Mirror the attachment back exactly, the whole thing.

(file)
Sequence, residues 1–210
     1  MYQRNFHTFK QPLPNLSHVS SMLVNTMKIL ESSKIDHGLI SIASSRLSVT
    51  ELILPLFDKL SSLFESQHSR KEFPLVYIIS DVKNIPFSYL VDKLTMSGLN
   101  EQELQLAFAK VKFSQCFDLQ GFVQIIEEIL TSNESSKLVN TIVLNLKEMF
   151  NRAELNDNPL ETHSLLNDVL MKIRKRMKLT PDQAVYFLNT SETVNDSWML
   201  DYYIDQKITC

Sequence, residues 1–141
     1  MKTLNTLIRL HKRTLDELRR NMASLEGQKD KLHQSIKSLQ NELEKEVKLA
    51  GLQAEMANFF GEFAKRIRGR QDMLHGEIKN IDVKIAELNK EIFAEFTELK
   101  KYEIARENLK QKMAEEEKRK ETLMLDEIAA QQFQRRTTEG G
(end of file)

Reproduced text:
Sequence, residues 1–210
     1  MYQRNFHTFK QPLPNLSHVS SMLVNTMKIL ESSKIDHGLI SIASSRLSVT
    51  ELILPLFDKL SSLFESQHSR KEFPLVYIIS DVKNIPFSYL VDKLTMSGLN
   101  EQELQLAFAK VKFSQCFDLQ GFVQIIEEIL TSNESSKLVN TIVLNLKEMF
   151  NRAELNDNPL ETHSLLNDVL MKIRKRMKLT PDQAVYFLNT SETVNDSWML
   201  DYYIDQKITC

Sequence, residues 1–141
     1  MKTLNTLIRL HKRTLDELRR NMASLEGQKD KLHQSIKSLQ NELEKEVKLA
    51  GLQAEMANFF GEFAKRIRGR QDMLHGEIKN IDVKIAELNK EIFAEFTELK
   101  KYEIARENLK QKMAEEEKRK ETLMLDEIAA QQFQRRTTEG G